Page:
small business owners
You may have been toying with writing a book for your business for a while, but you're unsure. You're not good enough to write a business book. You're not sure it's worth the investment. You're terrified at the prospect of self-publishing. You're worried nobody wants to read about your business, and you don't really know what you're talking about anyway...
None of us like being taken for granted in work or at play but owner managers, perhaps more than most, find this behaviour very hard to forgive as by large we have sacrificed so much on our journey.
The senior civil servants, politicians, and people who drafted the legislation do not understand how micro-level ecommerce works.
Most entrepreneurs with ambitions to start their own business generally start by either funding the venture themselves or sourcing early stage investment from friends and family. This is what potential investors expect from very early stage start-up founders.
There are several issues with the logistics of this - especially for micro businesses (a business being run by a single person) using the most basic sales software.
It's easy to be caught up in the excitement of a new business venture, but when it comes to choosing the person with whom you will spend more hours, than your spouse, it is important not to enter into a relationship you may live to regret - there is a lot at stake if goes wrong, but plenty to gain if you get it right.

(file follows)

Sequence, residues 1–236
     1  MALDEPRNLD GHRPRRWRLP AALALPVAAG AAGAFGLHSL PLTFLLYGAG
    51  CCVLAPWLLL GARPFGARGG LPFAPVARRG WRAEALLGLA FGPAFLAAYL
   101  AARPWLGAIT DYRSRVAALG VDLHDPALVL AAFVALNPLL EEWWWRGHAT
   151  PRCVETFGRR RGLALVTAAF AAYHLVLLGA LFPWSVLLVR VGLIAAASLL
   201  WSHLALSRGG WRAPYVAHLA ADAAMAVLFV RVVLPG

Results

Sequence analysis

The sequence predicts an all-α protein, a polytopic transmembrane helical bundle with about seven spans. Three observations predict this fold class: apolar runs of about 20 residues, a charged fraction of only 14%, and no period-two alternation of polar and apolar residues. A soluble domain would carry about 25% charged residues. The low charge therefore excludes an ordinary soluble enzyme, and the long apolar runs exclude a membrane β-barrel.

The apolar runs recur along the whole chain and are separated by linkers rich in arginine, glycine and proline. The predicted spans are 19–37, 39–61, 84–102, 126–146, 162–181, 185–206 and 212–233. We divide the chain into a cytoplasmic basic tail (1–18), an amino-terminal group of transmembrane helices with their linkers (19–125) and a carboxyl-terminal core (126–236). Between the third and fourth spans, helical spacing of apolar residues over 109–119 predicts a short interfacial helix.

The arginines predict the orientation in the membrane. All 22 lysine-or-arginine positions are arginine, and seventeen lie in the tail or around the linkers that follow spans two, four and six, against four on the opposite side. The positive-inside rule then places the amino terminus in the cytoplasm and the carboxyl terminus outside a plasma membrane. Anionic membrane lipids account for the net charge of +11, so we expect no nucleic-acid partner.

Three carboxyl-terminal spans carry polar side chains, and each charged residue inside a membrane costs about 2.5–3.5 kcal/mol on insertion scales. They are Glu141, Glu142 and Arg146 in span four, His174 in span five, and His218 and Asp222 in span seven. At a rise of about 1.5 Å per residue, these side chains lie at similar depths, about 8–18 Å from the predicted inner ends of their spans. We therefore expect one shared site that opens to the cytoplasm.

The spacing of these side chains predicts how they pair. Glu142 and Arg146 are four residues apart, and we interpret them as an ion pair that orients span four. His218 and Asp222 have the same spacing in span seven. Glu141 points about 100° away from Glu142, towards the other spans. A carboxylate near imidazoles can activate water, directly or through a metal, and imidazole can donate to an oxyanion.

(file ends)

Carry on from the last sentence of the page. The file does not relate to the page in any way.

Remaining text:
I believe often managers actively, and mostly inadvertently, suppress innovation. Why? Because people confuse leadership with having to come up with all the best ideas. Since management defined the strategy in the first place they don't want to be diverted from it.
Senior Royal Bank of Scotland executives insisted to MPs that they do good overall as they defended the state-owned bank
A lot of people ask me why I took the plunge from having a dream job at one of the most well-recognised and valuable brands (Rolls-Royce) to starting something where sleeping on the floor of friends' houses became a common event
The Royal Bank of Scotland welcomed a report it commissioned by Clifford Chance which found "no evidence" that it tried to